Health officials in China reported that a man was infected with bubonic plague, the infectious disease that caused the Black Death.
- The case was reported in the city of Bayannur, which has issued a level-three plague prevention warning.
- Modern antibiotics can effectively treat bubonic plague, which spreads mainly by fleas.
- Chinese health officials are also monitoring a newly discovered type of swine flu that has the potential to develop into a pandemic virus.
Bacteria under microscope
needpix.com<p>Today, bubonic plague can be treated effectively with antibiotics.</p><p style="margin-left: 20px;">"Unlike in the 14th century, we now have an understanding of how this disease is transmitted," Dr. Shanthi Kappagoda, an infectious disease physician at Stanford Health Care, told <a href="https://www.healthline.com/health-news/seriously-dont-worry-about-the-plague#Heres-how-the-plague-spreads" target="_blank">Healthline</a>. "We know how to prevent it — avoid handling sick or dead animals in areas where there is transmission. We are also able to treat patients who are infected with effective antibiotics, and can give antibiotics to people who may have been exposed to the bacteria [and] prevent them [from] getting sick."</p>
This plague patient is displaying a swollen, ruptured inguinal lymph node, or buboe.
Centers for Disease Control and Prevention<p>Still, hundreds of people develop bubonic plague every year. In the U.S., a handful of cases occur annually, particularly in New Mexico, Arizona and Colorado, <a href="https://www.cdc.gov/plague/faq/index.html" target="_blank">where habitats allow the bacteria to spread more easily among wild rodent populations</a>. But these cases are very rare, mainly because you need to be in close contact with rodents in order to get infected. And though plague can spread from human to human, this <a href="https://www.healthline.com/health-news/seriously-dont-worry-about-the-plague#Heres-how-the-plague-spreads" target="_blank">only occurs with pneumonic plague</a>, and transmission is also rare.</p>
A new swine flu in China<p>Last week, researchers in China also reported another public health concern: a new virus that has "all the essential hallmarks" of a pandemic virus.<br></p><p>In a paper published in the <a href="https://www.pnas.org/content/early/2020/06/23/1921186117" target="_blank">Proceedings of the National Academy of Sciences</a>, researchers say the virus was discovered in pigs in China, and it descended from the H1N1 virus, commonly called "swine flu." That virus was able to transmit from human to human, and it killed an estimated 151,700 to 575,400 people worldwide from 2009 to 2010, according to the Centers for Disease Control and Prevention.</p>There's no evidence showing that the new virus can spread from person to person. But the researchers did find that 10 percent of swine workers had been infected by the virus, called G4 reassortant EA H1N1. This level of infectivity raises concerns, because it "greatly enhances the opportunity for virus adaptation in humans and raises concerns for the possible generation of pandemic viruses," the researchers wrote.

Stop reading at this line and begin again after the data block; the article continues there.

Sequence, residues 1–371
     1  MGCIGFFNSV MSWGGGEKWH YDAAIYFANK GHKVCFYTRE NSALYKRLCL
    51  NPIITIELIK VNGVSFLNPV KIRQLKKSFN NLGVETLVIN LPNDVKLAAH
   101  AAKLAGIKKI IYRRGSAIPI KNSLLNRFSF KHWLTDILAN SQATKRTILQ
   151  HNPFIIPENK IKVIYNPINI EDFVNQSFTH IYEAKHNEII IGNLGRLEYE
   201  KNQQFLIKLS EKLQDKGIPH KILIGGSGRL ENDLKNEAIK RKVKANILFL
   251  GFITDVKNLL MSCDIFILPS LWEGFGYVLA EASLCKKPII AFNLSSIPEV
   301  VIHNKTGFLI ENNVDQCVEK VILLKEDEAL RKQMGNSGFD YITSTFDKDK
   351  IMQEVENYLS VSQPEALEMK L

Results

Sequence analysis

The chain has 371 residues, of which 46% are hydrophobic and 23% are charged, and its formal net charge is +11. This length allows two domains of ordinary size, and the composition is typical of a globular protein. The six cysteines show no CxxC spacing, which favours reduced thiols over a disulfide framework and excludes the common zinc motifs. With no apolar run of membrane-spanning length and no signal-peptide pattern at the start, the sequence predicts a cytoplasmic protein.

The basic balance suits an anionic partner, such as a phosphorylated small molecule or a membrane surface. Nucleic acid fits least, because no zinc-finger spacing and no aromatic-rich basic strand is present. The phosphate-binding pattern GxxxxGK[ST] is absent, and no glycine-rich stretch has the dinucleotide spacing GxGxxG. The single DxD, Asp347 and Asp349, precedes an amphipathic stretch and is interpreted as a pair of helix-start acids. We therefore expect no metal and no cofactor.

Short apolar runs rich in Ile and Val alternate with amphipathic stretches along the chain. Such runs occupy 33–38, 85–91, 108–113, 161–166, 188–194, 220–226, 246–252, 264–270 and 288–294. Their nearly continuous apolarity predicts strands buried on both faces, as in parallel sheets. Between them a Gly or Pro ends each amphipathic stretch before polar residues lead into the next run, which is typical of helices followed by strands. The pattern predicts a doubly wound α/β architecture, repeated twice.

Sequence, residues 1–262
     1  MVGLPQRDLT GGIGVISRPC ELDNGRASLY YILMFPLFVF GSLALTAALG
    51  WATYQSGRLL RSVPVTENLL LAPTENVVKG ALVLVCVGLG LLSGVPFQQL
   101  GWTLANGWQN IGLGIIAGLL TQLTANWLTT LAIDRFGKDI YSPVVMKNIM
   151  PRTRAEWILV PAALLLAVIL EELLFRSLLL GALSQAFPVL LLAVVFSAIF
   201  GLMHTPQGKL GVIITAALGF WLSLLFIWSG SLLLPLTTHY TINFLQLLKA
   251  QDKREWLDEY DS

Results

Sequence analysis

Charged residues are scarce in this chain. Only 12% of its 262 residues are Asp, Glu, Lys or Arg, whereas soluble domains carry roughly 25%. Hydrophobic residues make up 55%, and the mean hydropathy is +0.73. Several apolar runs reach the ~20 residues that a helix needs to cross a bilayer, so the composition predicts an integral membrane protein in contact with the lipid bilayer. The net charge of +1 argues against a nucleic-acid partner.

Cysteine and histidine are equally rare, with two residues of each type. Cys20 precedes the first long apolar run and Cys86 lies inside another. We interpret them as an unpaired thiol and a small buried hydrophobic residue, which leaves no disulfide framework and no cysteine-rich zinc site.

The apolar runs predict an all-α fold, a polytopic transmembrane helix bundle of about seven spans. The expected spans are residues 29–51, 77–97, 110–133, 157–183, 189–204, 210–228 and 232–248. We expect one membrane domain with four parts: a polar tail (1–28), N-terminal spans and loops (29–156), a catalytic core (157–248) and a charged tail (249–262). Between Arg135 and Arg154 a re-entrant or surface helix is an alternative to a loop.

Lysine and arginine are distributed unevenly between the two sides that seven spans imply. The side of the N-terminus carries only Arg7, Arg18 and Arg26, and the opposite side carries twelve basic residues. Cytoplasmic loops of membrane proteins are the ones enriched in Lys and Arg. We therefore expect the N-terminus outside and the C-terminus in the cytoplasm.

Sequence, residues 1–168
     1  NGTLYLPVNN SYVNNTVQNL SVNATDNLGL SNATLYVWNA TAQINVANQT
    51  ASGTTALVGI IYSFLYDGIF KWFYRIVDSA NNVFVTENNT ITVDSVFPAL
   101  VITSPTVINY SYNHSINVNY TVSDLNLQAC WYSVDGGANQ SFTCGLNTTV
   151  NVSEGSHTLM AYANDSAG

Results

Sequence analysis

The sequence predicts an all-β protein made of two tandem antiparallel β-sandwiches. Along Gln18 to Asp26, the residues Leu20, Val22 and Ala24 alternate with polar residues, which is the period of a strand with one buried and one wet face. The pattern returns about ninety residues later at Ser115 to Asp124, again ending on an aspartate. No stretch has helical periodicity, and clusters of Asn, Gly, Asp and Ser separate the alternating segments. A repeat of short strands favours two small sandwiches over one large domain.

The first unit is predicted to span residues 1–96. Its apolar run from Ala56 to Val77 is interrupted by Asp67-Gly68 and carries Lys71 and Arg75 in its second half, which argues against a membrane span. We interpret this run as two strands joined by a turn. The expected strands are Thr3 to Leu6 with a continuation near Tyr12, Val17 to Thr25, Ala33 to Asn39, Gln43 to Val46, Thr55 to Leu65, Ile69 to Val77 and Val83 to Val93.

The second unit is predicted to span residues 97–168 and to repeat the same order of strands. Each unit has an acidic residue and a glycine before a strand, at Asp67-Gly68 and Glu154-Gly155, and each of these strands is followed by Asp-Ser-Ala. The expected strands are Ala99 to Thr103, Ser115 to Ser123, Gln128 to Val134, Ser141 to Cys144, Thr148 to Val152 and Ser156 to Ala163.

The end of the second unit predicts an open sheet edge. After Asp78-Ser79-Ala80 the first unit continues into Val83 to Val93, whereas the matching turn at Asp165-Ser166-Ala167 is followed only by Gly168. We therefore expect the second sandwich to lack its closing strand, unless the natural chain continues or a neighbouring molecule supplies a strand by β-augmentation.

A neuroscientist argues that da Vinci shared a disorder with Picasso and Rembrandt.
- A neuroscientist at the City University of London proposes that Leonardo da Vinci may have had exotropia, allowing him to see the world with impaired depth perception.
- If true, it means that Da Vinci would have been able to see the images he wanted to paint as they would have appeared on a flat surface.
- The finding reminds us that sometimes looking at the world in a different way can have fantastic results.
The study<img type="lazy-image" data-runner-src="https://assets.rebelmouse.io/eyJhbGciOiJIUzI1NiIsInR5cCI6IkpXVCJ9.eyJpbWFnZSI6Imh0dHBzOi8vYXNzZXRzLnJibC5tcy8xODc3Mjc2NS9vcmlnaW4uanBnIiwiZXhwaXJlc19hdCI6MTY1MTA4MDg2NH0.T-98YvLjS9mUCQkgqHyV43Q7h_JIiubrev-Fp_0j4Pg/img.jpg?width=1245&coordinates=0%2C38%2C0%2C579&height=700" id="58346" class="rm-shortcode" data-rm-shortcode-id="674799ba34e115a2e9a3e94c366bfc26" data-rm-shortcode-name="rebelmouse-image" />
The Virtuvian Man. Christopher Tyler suggests that Da Vinci used his own image as a template for the face in the drawing.
Vitruvian Man, by Leonardo da Vinci created c. 1480–1490<p><a href="https://www.city.ac.uk/people/academics/christopher-tyler" target="_blank">Professor Christopher Tyler</a> of the City University of London's optometry division analyzed six pieces of Renaissance art by or held to be images of Da Vinci, including the famous <em>Vitruvian Man. </em>By looking at the paintings, drawings, and statues and applying the same techniques optometrists use on patients, Tyler was able to conclude that the eyes of the men depicted were misaligned.</p><p> He concluded that, if the images he analyzed were truly reflective of how Da Vinci looked, that the great artist had a mild case of exotropia. </p>